If there’s one issue I have with the graphic novel adaptation, aside from the lack of page time available for its non-romantic plotline, it’s that Alexia is repeatedly referred to as plain, yet is drawn by REM as a voluptuous beauty. Now, I’m not exactly complaining (she’s a voluptuous beauty that even female readers can appreciate), but it might have been a nice touch if she looked just a tad less like a comic book heroine, and more like an average woman. She’s an awesome enough character to be irresistibly attractive with or without being so conventionally gorgeous on the outside, and actually “plain” women are tragically underrepresented in comics.

MICHELLE: Yes, REM’s rendering of Alexia takes heaving bosoms to a whole new level. I was wondering how someone could remain a spinster so long with attributes like that! It’s almost like drawing Elizabeth Bennet with giant knockers, in that it makes the hero just a little less special for seeing in her what others don’t.

MELINDA: I think I could totally buy the heaving bosoms (let’s face it, in a corset, any woman not shaped like a stick is subject to heaving bosoms) if she’d been just a little chunkier and less dazzling otherwise. But overall, it’s a small complaint. This is the first of Yen Press’ novel adaptations that has grabbed me so immediately, and I’m not only looking forward to reading the novel, but to reading the second volume of the adaptation.

MICHELLE: Same here. And though it may be insanely early to call it, I have a feeling this will turn out to be the best novel-to-manga adaptation of 2012!

MELINDA: I suspect you may be right!

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Comments

  1. Re: Alexia’s “plain” appearance: I haven’t gotten Soulless yet from TRSI so I haven’t gotten a chance to look at it, but in the book, I believe she compares herself to her family, who is waifish, fair-skinned, and blonde. Alexia is dark-complected (her half Italian heritage and therefore has a tendency to tan horribly), voluptuous, and has a distinct Roman nose. So I think she might be considered “striking,” to us, as opposed to “plain” like how she pictures herself. Plus her personality isn’t at all proper for a Victorian maiden; much too headstrong and opinionated. :)

    • I can completely see how that might be the way she’s portrayed in the novel, from reading the adaptation, and it’s probably less jarring in prose. Reading the comic, there’s just this huge disconnect when her family refers to her as plain and we’re staring at this woman who is drawn to look at least as beautiful as (and usually more than) anyone else on the page.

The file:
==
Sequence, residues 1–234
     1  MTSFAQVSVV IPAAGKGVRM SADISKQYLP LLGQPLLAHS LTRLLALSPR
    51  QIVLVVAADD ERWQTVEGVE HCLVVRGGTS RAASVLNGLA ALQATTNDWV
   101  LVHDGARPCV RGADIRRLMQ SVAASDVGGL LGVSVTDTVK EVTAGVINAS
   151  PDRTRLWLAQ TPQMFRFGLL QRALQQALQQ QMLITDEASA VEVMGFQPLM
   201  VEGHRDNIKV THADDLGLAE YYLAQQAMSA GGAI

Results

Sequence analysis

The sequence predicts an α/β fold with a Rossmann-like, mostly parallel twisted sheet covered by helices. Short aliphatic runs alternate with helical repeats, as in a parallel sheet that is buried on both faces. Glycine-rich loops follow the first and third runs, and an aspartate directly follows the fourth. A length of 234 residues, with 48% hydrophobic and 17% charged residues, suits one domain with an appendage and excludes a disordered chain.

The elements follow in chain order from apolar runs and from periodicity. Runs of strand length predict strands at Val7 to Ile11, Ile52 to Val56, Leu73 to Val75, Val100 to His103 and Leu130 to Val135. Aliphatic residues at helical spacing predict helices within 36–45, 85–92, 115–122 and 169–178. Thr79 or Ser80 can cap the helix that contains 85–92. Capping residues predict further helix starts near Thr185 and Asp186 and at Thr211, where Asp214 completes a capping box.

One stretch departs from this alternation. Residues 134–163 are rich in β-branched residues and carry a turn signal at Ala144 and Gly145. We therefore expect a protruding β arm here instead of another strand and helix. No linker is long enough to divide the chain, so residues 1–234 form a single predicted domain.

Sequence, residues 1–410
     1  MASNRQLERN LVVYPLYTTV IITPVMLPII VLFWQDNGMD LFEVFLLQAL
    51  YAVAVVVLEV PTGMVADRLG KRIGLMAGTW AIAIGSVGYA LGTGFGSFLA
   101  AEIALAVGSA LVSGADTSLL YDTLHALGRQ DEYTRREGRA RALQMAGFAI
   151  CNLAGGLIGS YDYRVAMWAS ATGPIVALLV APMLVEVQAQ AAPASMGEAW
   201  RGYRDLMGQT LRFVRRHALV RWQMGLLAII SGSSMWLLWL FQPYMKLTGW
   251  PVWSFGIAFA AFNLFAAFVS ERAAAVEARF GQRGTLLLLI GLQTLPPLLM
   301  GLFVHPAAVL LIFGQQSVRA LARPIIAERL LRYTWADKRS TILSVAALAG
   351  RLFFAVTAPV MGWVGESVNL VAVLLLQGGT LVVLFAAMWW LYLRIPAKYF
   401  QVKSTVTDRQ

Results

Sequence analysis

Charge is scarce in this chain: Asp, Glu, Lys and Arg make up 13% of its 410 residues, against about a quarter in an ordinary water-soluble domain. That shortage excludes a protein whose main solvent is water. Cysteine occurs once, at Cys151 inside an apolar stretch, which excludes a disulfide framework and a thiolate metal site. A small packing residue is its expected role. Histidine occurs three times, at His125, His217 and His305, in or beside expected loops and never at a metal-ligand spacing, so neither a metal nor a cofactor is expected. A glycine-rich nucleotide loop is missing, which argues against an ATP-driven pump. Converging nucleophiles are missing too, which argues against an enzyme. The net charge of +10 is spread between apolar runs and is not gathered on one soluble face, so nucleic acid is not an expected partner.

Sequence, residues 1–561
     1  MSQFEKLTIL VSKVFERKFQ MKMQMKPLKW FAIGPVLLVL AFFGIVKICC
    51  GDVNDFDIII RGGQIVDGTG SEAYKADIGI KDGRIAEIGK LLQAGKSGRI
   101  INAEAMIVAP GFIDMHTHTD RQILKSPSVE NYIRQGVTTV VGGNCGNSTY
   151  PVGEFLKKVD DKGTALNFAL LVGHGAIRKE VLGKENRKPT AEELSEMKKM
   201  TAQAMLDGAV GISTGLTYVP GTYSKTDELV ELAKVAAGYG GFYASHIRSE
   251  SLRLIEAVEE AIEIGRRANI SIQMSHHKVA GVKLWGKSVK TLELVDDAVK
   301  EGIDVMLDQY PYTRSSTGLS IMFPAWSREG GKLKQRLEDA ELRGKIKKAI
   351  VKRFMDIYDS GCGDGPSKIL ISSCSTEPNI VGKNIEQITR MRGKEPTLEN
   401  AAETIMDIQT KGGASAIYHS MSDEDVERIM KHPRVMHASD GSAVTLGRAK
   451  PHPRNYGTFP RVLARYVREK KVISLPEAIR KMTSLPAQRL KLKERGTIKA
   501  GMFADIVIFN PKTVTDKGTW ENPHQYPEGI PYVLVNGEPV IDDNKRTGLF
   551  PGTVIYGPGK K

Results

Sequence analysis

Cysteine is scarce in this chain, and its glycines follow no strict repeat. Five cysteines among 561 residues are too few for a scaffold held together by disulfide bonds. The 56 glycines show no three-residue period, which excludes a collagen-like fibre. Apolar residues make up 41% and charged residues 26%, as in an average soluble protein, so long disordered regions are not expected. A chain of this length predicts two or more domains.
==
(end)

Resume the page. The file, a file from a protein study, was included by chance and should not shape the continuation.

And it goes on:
2. I feel like with novel to manga adaptations of things that I can get the actual book of, I don’t much see the purpose of a manga other then advertising for the book. I’ll have to check out the used store next time I’m over there though, it just feels like I could cut out a middle man by reading the actual book no matter how good the adaptation is (I’ll rent it from the library first perhaps). After all, that’s what happened with their Cirque du Freak manga (actually, I shouldn’t be one to talk about that, seeing how I read all the novels then proceeded to buy the entire series as it was coming out, thanks to the manga advertising its existence to me)

    I’ve read all of GTO, it’s awesome, it’s pretty much Onizuka helping out his students (and trying to date their moms sometimes and ruining the one dude’s precious car at least a dozen times, each in an hilarious manner), but Fujisawa is just so amazing with his characters that when I got to volume 25 I went “No, no, I want more! Please!” And yeah, it had some problems with being a Tokyopop translation where they couldn’t decide if the characters were 14 or 17 or 18 (for legal reasons) and it switched between volumes, sometimes even chapters, leading to a bit of confusion unless you looked online to see that the student cast is supposed to be about 14. And wow could the manga get really perverted at times (if you think Onizuka acts perverted, at least he doesn’t watch people go to the bathroom from underneath the seats in the trough, I am not kidding when I say that happens in the manga, it got cut from the anime), and the main female teacher is nothing but a love interest, but you have Urumi Kanzaki to make up in the awesome females department. And I feel like Fujisawa is so good with everything else and doesn’t glorify these people’s perversions (he makes them seem very creepy, except for the guy obsessed with the car which is played for laughs) that it’s just a manga that everyone needs to read, and I hope Vertical is able to get GTO proper soon.